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Trump Talks a Good Game to the NRA. His Policies Tell a Different Story.

When it comes to the Second Amendment, the president is all talk.

President Donald Trump called on his audience at a National Rifle Association convention today to get out and vote in the November election, warning that "your Second Amendment rights are under siege."

He's right on that point. Anti-gun types, habitually Democrats, have become bolder than any time in recent memory when proposing everything from mandatory confiscation of certain types of rifles to the outright repeal of the Second Amendment. In states like California, it seems like new anti-gun laws are being proposed with a frequency and enthusiasm previously reserved only for tax increases and Tesla subsidies.

But what Trump didn't mention is that his own administration is doing its part to whittle away at Americans' Second Amendment rights. With the exception of Trump's judicial appointments—they appear to typically be sound on gun rights—this is, sadly, not a White House that has proven itself to be a reliable champion of American gun owners.

It's true that the president has, as recently as today, broadly endorsed the right to self defense. The "people in this hall have never taken our freedom for granted," Trump told the NRA audience in Dallas, saying they recognized the "sacred rights given to us by God including the right to self-defense."

Trump added that in London, guns are so restricted that knives have emerged as the deadly weapon of choice. And he referenced recent attacks on pedestrians by vehicle-driving killers. By the logic of anti-gun campaigners, he said, "we are going to have to outlaw immediately all van and trucks, which are now the new form of death for maniac terrorists," before concluding with a promise to "always protect your Second Amendment."

Alas, the laws and regulations that have extruded themselves from Washington, D.C., over the last year fall short of this lofty rhetoric. (At times, so have Trump's own remarks.)

There was the Republican embrace of the so-called Fix NICS Act, dealing with background checks, despite Gun Owners of America pointing out that the federal database in question "contains the names of 257,000 law-abiding veterans who have lost their constitutional rights." Fix NICS ended up glued onto a must-pass spending bill—rarely a recipe for sober policymaking—that Trump signed into law in March despite complaining that "nobody read it" and the final draft was "only hours old."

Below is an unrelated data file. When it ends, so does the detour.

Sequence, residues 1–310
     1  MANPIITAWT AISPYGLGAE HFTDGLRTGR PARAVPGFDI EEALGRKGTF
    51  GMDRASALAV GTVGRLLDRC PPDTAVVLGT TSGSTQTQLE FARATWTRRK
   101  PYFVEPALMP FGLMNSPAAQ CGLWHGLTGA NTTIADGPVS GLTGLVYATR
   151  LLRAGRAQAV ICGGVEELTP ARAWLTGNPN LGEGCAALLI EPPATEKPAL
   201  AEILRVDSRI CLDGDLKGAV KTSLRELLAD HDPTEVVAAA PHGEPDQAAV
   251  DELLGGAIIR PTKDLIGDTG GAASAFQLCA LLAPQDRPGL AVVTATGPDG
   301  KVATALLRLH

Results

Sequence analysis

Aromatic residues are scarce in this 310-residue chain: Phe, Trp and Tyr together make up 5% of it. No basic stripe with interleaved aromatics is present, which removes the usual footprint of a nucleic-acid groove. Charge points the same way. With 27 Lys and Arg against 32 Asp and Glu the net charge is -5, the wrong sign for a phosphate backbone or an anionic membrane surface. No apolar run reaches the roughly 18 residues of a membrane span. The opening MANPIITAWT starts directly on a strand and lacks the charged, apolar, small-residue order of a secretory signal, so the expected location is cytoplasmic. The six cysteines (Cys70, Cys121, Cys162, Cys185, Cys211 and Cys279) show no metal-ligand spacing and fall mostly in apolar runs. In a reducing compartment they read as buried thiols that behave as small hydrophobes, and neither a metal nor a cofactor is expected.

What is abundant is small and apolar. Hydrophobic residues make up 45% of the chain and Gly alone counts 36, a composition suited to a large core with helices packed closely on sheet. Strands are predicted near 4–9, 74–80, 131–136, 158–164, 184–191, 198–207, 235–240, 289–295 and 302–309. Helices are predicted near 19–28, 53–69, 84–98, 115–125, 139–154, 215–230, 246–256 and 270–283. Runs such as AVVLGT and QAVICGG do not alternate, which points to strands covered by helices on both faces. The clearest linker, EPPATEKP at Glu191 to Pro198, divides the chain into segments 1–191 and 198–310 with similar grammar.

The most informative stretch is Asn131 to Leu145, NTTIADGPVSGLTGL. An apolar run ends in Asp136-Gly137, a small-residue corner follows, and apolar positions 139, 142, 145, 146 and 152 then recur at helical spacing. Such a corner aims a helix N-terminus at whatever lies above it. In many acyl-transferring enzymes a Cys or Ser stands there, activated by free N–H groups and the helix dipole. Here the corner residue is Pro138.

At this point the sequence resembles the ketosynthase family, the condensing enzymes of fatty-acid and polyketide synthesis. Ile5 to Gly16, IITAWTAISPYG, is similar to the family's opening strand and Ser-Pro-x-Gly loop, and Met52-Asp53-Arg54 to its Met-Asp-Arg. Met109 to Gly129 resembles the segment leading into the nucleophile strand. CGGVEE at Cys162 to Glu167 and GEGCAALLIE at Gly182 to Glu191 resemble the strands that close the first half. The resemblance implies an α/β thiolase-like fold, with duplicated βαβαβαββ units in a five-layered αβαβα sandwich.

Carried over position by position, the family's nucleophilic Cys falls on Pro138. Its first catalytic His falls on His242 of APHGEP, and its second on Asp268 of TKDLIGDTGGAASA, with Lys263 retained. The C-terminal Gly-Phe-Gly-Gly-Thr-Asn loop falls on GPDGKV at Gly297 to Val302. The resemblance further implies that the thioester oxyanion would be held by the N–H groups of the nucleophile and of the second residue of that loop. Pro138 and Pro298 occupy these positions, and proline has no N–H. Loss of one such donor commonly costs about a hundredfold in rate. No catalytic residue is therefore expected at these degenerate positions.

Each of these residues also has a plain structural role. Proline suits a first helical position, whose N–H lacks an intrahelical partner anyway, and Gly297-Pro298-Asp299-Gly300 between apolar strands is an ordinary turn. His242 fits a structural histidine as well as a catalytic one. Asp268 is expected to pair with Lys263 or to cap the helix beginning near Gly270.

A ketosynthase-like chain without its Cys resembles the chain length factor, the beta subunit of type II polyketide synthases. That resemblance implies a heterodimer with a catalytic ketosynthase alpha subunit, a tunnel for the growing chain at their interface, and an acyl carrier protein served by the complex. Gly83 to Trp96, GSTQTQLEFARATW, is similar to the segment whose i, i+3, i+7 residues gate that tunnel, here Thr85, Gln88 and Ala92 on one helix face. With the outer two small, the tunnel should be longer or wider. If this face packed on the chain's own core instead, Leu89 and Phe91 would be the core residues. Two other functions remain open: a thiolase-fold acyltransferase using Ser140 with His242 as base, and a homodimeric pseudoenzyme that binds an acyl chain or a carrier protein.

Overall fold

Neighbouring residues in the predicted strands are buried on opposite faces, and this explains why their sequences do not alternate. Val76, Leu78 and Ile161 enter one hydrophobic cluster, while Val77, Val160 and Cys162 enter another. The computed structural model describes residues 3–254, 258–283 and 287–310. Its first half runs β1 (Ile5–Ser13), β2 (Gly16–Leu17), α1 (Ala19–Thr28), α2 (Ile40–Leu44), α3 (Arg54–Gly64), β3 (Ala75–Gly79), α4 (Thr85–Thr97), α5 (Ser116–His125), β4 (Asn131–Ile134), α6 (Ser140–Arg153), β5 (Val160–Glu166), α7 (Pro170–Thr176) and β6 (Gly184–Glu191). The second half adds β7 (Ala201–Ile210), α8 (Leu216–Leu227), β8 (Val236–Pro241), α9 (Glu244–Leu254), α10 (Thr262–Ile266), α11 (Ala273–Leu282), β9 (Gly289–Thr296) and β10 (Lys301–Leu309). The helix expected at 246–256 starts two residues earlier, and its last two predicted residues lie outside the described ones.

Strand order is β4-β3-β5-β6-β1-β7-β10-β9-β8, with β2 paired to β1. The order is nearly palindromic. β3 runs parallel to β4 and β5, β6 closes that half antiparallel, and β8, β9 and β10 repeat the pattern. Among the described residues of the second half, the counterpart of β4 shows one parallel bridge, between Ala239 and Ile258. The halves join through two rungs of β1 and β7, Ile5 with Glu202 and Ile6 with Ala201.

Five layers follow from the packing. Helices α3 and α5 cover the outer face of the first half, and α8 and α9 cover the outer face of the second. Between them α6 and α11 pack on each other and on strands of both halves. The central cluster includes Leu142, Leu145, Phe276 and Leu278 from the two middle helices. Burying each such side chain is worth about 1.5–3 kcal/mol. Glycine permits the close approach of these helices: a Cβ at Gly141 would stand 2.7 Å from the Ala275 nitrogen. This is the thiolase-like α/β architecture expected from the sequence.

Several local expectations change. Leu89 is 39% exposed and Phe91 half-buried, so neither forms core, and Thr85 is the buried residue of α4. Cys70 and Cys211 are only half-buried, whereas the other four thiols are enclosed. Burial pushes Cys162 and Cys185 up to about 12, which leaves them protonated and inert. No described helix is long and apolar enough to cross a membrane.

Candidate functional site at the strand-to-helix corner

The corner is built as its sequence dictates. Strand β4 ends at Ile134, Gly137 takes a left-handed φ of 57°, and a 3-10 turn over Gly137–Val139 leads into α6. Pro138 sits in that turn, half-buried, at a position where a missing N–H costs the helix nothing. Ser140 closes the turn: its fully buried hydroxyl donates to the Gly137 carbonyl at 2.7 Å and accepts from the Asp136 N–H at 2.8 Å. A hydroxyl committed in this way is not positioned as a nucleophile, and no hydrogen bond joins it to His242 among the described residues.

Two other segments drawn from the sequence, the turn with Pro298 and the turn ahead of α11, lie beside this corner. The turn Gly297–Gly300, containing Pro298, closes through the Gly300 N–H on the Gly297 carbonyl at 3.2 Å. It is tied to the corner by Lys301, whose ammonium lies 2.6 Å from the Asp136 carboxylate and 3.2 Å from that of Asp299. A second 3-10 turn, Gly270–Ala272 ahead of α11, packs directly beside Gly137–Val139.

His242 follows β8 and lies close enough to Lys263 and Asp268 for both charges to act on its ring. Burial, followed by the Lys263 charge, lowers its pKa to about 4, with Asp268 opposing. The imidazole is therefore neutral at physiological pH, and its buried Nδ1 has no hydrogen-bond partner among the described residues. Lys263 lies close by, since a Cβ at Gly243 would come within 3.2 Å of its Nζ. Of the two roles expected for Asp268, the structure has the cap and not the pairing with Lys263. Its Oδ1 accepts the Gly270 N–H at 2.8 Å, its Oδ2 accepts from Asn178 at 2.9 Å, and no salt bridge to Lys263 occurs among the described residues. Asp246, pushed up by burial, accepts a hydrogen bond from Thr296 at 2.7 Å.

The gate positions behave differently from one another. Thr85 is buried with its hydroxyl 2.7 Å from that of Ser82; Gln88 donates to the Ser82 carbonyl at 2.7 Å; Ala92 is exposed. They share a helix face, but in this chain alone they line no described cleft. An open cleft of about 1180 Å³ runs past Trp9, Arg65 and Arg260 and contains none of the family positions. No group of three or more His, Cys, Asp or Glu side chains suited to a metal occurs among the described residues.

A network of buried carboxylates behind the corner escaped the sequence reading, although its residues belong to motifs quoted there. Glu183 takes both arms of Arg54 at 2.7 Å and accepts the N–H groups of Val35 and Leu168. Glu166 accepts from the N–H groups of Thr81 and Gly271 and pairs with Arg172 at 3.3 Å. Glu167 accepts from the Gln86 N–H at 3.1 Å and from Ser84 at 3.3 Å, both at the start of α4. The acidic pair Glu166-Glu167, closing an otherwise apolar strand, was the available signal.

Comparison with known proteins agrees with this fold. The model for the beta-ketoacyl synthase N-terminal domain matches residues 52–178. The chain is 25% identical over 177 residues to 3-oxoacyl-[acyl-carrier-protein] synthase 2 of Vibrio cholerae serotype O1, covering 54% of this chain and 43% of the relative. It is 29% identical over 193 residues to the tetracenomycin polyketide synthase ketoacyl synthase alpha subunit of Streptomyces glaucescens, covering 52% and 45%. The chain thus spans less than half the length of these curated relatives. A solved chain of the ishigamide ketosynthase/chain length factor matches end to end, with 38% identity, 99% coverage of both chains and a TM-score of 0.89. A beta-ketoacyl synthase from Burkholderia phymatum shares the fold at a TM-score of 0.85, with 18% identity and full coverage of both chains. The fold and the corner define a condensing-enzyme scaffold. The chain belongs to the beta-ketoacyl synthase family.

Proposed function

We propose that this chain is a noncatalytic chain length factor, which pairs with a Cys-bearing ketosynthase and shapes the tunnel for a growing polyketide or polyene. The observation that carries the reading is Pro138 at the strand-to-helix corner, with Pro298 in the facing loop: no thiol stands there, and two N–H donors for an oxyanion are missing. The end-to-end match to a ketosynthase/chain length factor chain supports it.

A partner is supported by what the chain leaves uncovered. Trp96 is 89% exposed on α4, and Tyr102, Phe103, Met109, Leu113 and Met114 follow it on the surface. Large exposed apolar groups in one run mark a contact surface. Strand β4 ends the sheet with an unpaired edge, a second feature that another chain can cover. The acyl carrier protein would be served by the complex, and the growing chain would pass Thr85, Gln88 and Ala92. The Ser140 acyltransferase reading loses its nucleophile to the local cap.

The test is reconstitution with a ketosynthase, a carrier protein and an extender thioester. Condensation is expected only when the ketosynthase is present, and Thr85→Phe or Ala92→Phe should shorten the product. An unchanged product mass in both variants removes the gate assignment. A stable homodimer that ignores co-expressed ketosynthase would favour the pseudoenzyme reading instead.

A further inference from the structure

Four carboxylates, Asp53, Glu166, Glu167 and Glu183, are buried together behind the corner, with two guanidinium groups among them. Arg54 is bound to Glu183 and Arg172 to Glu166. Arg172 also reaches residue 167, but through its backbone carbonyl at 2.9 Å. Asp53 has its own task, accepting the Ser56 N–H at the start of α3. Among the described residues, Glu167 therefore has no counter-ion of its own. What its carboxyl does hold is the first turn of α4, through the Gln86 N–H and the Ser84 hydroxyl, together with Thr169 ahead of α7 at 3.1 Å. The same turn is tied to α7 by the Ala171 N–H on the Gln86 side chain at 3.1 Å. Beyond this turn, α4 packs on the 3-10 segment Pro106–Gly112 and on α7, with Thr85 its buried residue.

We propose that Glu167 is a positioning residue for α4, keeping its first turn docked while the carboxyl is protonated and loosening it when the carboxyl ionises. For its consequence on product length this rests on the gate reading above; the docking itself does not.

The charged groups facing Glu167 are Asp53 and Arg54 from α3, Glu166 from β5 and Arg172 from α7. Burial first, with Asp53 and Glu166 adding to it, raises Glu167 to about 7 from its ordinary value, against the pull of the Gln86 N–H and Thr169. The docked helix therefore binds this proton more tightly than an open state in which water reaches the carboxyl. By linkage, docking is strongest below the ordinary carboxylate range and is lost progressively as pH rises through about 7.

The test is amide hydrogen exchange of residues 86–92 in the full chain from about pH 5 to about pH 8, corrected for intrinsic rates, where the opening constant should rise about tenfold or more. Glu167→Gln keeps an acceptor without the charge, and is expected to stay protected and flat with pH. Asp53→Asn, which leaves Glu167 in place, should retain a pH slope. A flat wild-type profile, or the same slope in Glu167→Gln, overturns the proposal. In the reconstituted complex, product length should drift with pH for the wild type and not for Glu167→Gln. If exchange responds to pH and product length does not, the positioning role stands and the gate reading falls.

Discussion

Then there was the unilateral decision by Trump in February to ban "bump stock" devices by executive fiat. That was despite his criticisms of his predecessor for doing just that, despite the Obama administration concluding they were legal, and despite the lack of clear statutory authority to do anything about them. That should be left to Congress. But, as Reason's Jacob Sullum wrote, Trump felt the need to "do something" about gun violence without alienating the NRA.

On the positive side, Congress and the Trump administration did nix a bad anti-gun rule coughed up by the Social Security Administration under President Obama. The rule had raised enough questions about due process that even the ACLU, a group not known for its affection for the Second Amendment, opposed it. (See Reason's February 2017 article by Brian Doherty.)

The more pressing issue for tens of millions of gun owners remains the lack of a broad federal preemption law. Such a law could protect Americans' constitutional right to carry firearms, to purchase the semi-automatic rifles of their choice (especially ones that may be painted black), and to buy ammunition and standard capacity magazines.

Federal preemption would not create new rights. It would instead recognize and underline Americans' rights to self-defense that already exist—and properly understood, existed long before the Bill of Rights was drafted.